Results 1-2of 2 Reviews
Pine Hill, New Jersey
February 12, 2007
From journal Monsters and Alice in Wonderland- Philadelphia, the Bibliophile Tour
by Owen Lipsett
New York, New York
July 6, 2005
The restaurant itself is located on the northwest corner of the intersection of 20th and Spruce Streets, in an attractive residential neighborhood that’s south and west of anything of touristic interest. This simply means, however, that if you’re fortunate enough to be able to sit outdoors, you’ll get a more authentic (and pleasant) view of Philadelphia. Indeed, it’s squarely on the beaten track as far as Philadelphians are concerned, and like most such restaurants in the neighborhood, it doesn’t accept reservations on weekend nights, you just have to show up from 5 o’clock on and wait your turn (if it’s after 7pm, you certainly will have to wait!). Whether they’ll seat an incomplete party or not depends entirely on how busy it is; based on personal experience, I wouldn’t recommend tempting fate. On the bright side, a quirk within Pennsylvania’s Byzantine liquor laws allows you to bring your own wine or beer (BYOB).
The food, however, makes the wait worth it, although the sometimes peculiar service is not always worthy of it. The best (and quickest) way to enjoy it is to order mezze from the small dishes menu. The buffalo mozzarella, plum tomato, and fresh basil flatbread is actually a pizza in disguise, and the similarly Italian (and very generously portioned) prosciutto is likewise delightful. Most of the other such dishes betray a more Levantine influence, in particular the cornucopia of delightful spreads. While not mentioned on the menu, you can (and should) order all five selections together: hummus, tzatziki, curried white bean and tarragon, muhammarah, and artichoke. The first four are excellent, and my artichoke-loving mother assures me the last is as well.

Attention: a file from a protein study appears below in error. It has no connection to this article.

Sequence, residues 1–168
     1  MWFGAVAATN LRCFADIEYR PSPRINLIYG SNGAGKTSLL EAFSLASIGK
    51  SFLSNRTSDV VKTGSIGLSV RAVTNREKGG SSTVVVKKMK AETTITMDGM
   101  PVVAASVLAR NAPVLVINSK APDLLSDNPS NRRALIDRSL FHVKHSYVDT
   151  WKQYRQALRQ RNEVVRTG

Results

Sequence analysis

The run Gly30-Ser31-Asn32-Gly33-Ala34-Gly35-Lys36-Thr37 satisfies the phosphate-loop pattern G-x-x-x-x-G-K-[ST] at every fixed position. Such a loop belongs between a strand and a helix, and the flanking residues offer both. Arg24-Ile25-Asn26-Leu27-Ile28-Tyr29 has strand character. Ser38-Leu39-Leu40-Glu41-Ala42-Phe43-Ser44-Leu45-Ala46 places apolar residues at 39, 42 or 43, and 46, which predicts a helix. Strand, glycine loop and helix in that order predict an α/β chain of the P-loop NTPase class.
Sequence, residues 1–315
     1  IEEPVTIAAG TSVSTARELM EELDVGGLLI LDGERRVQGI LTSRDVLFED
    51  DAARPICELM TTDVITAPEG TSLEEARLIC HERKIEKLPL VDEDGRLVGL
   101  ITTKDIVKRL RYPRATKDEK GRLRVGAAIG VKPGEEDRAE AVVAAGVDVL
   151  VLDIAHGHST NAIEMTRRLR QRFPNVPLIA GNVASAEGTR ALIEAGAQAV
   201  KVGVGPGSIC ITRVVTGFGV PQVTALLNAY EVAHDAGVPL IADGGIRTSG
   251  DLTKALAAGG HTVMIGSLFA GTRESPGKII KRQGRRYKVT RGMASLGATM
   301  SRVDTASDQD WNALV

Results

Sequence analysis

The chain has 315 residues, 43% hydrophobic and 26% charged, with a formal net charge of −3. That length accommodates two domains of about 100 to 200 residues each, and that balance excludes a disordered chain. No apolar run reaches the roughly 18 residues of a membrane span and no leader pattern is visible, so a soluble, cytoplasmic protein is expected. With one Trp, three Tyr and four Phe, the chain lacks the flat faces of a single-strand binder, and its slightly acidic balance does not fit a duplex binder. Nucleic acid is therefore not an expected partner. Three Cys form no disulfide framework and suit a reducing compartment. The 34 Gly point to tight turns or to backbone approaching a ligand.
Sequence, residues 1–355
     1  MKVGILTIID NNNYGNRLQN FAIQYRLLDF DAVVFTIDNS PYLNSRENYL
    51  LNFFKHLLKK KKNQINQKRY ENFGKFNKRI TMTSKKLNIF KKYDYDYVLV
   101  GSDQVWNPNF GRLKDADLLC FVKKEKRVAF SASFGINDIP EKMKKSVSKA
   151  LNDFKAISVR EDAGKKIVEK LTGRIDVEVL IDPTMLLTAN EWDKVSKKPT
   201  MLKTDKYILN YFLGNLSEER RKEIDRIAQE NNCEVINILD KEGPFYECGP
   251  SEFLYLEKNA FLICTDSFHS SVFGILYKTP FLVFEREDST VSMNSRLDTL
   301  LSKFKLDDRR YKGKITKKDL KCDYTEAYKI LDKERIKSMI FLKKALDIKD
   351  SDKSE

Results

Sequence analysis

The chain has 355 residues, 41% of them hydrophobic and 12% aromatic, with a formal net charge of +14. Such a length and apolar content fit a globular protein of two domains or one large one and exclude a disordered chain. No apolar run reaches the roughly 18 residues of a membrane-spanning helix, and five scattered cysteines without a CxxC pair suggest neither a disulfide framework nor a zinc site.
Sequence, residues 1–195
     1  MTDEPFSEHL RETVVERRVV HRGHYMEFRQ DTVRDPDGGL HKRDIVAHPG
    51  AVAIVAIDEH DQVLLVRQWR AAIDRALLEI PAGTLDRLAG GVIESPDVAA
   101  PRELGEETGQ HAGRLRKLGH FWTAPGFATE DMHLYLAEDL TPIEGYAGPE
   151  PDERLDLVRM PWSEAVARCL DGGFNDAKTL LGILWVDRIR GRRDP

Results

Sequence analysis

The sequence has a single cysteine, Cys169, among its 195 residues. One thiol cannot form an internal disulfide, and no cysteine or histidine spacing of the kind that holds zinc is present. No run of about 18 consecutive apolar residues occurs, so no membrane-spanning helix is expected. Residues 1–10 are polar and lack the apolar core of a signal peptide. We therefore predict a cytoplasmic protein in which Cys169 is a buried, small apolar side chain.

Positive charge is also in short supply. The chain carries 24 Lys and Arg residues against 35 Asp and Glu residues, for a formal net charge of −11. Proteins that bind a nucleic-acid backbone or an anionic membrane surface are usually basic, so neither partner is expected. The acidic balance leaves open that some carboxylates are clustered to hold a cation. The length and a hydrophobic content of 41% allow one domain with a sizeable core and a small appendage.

I actually have yet to sample any of the more generous main courses, but other diners seem quite pleased with them, so I doubt you’d go wrong ordering any of them, particularly as the raw materials are so fresh (and in many cases organic). Other small dishes I’d recommend, although they’re more akin to bites than dishes, are the roast beets with orange and maytag blue cheese (which can be served without the cheese) and the Tunisian spiced olives and wild cucumbers. A further benefit to consuming smaller dishes is that it allows you to save room for the relatively generously proportioned desserts, which change daily, although I’d heartily recommend the crème brulee if it’s an option.
Cash only. Further information:http://www.audreyclaire.com.
From journal Philadelphia II: Eating and Strolling